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Just found out mom's only covers if she can't walk or eat (has to be both or no coverage?) I thought that her LTC would help her with home care needs and eventually a nursing home only to find out that apparantly her financial planner got her into only will kick in if 2 criteria AT THE SAME TIME are met -- can't walk at all (doesn't count walking with assistance). AND can't eat. That means can't lift a fork to her mouth. Doesnt' mean that she can't get/make her meals which she can't now. Doesnt' that make this LTC useless? I mean wouldnt' medicare cover these costs w/o LTC? My mother purchased this is the hopes that she would have something so she wouldnt' have to sell all her assets if she needed to go into a nursing home (Which right now she won't even entertain -- although I have). Now it seems she's paying for a policy that is b.s. and not worth having. Am I right? Anyone else out there with similiar stories or knows what this means?

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LTC insurance used to be much better than it is now. I think these policies started to get to expensive for insurance companies to keep offering them. Note that as you get older, the premiums on these policies increase, so that people are often forced to give up on them before they ever get any benefit from them. So, yes, I think they are mostly a ripoff.
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For those looking to purchase LTC insurance, you may not be eligible if you have health conditions. Many years ago, we were taking out additional insurance from my husband's employer and one of the things his contact asked him about is if he would be interested in LTC insurance. My husband agreed to look into it and applied. At this time he was in his late 30's and had diabetes and high blood pressure. He was turned down because they said he was too much of a risk.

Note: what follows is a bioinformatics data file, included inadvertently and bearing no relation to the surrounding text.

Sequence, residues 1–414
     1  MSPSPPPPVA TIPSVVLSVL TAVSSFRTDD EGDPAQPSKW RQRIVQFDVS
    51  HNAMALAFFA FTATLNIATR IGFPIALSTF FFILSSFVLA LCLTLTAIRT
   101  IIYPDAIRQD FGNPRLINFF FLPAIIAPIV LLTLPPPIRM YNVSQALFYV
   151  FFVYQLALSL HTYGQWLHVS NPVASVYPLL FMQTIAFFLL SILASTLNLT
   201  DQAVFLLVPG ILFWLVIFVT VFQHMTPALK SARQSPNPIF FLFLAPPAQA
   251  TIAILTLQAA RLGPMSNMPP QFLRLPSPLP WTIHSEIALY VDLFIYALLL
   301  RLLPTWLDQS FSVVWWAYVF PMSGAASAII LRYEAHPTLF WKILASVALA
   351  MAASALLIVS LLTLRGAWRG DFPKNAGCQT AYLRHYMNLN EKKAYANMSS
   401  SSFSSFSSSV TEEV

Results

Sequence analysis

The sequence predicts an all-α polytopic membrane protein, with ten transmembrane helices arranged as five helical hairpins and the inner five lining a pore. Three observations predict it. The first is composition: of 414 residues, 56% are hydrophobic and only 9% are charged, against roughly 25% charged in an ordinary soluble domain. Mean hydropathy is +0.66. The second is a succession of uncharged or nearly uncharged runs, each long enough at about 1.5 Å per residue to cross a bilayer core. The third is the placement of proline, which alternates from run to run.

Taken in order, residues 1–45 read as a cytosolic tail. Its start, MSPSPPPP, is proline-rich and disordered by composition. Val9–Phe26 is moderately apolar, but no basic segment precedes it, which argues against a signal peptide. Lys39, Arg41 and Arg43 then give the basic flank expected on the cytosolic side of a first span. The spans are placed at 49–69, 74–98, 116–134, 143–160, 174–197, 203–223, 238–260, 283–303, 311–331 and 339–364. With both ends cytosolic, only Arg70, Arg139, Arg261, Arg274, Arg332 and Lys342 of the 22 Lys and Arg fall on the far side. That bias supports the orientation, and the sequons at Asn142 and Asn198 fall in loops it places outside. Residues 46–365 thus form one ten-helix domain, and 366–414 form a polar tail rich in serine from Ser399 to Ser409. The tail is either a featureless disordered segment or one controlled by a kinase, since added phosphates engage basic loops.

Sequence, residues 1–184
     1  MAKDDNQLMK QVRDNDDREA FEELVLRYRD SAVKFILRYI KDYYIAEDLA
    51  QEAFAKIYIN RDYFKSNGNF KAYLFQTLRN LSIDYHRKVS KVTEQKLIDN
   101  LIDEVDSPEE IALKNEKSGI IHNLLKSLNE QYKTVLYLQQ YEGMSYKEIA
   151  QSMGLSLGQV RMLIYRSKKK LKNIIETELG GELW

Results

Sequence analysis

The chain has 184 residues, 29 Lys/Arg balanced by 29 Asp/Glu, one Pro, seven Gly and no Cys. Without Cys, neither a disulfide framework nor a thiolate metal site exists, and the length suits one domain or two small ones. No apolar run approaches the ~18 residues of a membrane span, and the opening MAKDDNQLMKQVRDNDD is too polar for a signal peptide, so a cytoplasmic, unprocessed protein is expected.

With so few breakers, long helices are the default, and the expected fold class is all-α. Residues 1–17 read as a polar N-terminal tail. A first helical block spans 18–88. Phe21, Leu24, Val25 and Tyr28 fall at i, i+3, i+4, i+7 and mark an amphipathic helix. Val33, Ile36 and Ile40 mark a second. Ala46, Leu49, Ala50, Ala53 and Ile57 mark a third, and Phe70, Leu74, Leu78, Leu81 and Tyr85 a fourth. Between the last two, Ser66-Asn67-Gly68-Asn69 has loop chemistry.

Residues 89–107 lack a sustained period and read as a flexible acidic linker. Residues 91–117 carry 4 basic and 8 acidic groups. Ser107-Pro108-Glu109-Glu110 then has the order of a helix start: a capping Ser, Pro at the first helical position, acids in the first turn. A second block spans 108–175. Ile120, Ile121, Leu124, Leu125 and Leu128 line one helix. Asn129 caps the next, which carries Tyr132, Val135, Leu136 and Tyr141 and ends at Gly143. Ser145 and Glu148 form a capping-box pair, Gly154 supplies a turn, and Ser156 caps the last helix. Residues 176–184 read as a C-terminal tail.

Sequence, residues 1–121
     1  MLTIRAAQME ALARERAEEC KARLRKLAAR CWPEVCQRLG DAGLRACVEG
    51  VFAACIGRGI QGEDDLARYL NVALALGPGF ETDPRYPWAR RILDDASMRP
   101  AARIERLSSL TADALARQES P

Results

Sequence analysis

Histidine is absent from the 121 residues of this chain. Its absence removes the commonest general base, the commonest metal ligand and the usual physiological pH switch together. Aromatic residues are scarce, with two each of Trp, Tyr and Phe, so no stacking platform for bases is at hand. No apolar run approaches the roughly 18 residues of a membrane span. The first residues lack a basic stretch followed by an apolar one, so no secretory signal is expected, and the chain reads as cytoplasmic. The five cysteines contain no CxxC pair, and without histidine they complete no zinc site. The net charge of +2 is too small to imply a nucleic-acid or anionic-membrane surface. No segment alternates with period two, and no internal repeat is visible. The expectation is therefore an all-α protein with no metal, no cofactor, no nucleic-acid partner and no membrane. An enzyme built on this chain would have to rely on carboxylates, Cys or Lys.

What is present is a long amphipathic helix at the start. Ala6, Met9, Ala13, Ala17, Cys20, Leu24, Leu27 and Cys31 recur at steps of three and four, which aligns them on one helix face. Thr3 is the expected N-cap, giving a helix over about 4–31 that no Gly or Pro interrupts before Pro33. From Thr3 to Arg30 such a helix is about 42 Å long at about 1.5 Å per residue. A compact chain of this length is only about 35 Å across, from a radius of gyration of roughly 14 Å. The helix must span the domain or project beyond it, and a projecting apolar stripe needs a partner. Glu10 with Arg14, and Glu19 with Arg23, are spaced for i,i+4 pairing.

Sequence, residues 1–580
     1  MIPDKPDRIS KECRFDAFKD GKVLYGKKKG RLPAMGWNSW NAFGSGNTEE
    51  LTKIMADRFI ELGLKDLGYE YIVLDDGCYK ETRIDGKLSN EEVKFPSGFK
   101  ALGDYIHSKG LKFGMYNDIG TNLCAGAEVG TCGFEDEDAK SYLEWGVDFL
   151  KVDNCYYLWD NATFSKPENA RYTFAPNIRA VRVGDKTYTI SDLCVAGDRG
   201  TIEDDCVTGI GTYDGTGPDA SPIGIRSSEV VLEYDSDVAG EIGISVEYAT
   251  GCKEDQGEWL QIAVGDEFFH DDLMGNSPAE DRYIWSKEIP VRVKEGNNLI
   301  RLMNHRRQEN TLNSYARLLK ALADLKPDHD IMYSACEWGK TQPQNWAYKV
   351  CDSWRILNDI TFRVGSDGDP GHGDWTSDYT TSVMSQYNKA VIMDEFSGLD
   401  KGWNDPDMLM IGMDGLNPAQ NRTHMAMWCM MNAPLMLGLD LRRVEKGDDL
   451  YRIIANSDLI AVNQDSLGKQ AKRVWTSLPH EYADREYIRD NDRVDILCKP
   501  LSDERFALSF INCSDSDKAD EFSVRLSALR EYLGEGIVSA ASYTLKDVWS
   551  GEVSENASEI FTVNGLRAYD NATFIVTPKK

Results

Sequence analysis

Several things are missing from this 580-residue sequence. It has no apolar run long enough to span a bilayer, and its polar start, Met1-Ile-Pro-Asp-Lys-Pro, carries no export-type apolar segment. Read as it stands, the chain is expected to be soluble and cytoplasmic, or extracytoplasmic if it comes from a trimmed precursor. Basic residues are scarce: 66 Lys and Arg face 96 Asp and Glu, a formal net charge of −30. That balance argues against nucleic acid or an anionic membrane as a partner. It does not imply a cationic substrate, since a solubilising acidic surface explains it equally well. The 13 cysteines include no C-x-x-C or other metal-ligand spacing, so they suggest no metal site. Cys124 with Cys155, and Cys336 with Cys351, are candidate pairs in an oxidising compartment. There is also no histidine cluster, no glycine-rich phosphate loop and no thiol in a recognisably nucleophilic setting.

A few years later, I worked for a financial planner with one of the largest companies in the U.S. One of his clients informed me that her sister (also a client) had purchased LTC insurance and the particular plan had so many stipulations that they did not feel it was worth the preminum paid. Read all the fine print, make certain you realize what the premiums are and if they change coverage at a certain age. And if you are in a nursing home and someone is telling you that you or your family doesn't qualify, ask someone else...then ask their boss..then ask again...then call the company (in other words be the pain in the well...ya get the picute). ;)